■ ON A somewhat lighter note, Polish Culinary Week, which starts this Saturday and will actually continue for more than a week, is designed to bring Israel’s culinary heritage back to the Jewish state in general and Tel Aviv in particular.
It should not be forgotten that in the immediate aftermath of World War II, Polish Jews were the dominant demographic factor in Tel Aviv, bringing with them not only the numbers on their arms, but also their prewar culture – including the cuisine that was traditional to Eastern Europe, and had to be adapted to the austerity conditions of the period.
Over the years, East European cuisine has begun to take a backseat in the melting pot of the Israeli kitchen – which exasperates Polish Ambassador Jacek Chodorowicz. He cannot understand why Polish cuisine, especially its deli, flourishes in Brooklyn and Manhattan, yet has all but disappeared in Israel, where Mediterranean and Asian cuisine have taken over. As far as Chodorowicz is concerned, it’s comeback time – allowing Israelis of Polish background to reclaim their culinary legacy, and those of other backgrounds to discover what Polish cuisine is all about.
■ WHILE ON the subject of Poland, the English-speaking Nechama group of Hadassah will on Wednesday, November 13, host a fund-raiser for the Pediatric Intensive Care Unit at Hadassah University Medical Center in Jerusalem’s Ein Kerem. They will screen an inspiring film, Orchestra of Exile, which tells the story of the founding of the Israel Philharmonic by internationally acclaimed Polish violinist Bronislaw Huberman, who rescued some of the world’s great musicians from Nazi tyranny and brought them to Tel Aviv – a four-year odyssey.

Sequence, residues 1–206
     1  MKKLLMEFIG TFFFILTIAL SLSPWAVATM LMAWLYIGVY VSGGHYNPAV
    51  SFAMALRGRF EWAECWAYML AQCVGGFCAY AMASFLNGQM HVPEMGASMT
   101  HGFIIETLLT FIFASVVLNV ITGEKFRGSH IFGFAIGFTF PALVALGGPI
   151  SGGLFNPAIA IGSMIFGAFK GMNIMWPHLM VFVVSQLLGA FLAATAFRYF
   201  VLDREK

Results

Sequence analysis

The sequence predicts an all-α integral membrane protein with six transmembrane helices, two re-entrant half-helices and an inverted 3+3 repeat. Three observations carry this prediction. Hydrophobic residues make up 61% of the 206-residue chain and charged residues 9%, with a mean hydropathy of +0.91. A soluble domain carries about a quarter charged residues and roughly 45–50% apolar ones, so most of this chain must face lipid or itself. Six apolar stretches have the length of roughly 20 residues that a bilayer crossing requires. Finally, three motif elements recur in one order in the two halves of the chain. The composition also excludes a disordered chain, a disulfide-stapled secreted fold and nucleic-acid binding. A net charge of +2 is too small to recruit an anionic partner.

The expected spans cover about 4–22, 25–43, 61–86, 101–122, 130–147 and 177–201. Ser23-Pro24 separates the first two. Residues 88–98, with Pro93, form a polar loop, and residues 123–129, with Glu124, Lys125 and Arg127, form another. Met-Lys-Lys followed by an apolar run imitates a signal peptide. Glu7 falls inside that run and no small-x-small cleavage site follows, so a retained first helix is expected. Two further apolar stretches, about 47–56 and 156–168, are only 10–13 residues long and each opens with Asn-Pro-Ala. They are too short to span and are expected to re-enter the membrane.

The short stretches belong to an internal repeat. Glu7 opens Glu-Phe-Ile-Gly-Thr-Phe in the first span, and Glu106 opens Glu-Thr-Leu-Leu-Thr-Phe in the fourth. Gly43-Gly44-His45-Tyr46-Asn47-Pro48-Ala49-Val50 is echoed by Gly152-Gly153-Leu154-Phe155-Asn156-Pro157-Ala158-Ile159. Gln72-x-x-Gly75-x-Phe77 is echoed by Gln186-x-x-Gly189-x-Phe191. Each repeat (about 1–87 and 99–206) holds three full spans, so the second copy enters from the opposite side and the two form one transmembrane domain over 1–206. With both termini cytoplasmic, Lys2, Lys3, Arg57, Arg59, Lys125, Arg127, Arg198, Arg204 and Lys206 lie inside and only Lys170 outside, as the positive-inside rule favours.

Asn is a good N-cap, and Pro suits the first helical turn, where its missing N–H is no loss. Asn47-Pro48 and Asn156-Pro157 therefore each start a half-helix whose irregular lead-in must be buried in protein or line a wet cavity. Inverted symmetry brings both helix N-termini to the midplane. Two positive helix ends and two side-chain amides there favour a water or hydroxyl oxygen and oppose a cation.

Huberman was born in Czestochowa, Poland, arguably the most Catholic city in the world after Rome. Just over a year ago, the Czestochowa Municipality decided to honor the city’s native son in perpetuity, by renaming its philharmonic the Bronislaw Huberman Philharmonic Orchestra, and also gracing the philharmonic hall with his name. The latter could not be more appropriate, given that the hall, at the outbreak of World War II, was the grandest synagogue in Czestochowa.
The film, which features Itzhak Perlman, Joshua Bell, Zubin Mehta and Pinchas Zuckerman, will be introduced by Prof.
Veronika Cohen, former chairwoman of the Department of Music Education and dean of the Jerusalem Academy of Music and Dance, who will also lead a discussion after the screening. The venue is Kehilat Moreshet Avraham, 22 Adam Street, Jerusalem.
■ IT’S FAIRLY common knowledge that many of the negative perceptions of Israel are based either on ignorance or misinformation.
Israelis talking to relatives, friends and business associates from abroad are often appalled at how little they know about this part of the world, considering the frequency with which Israel appears in international news reports.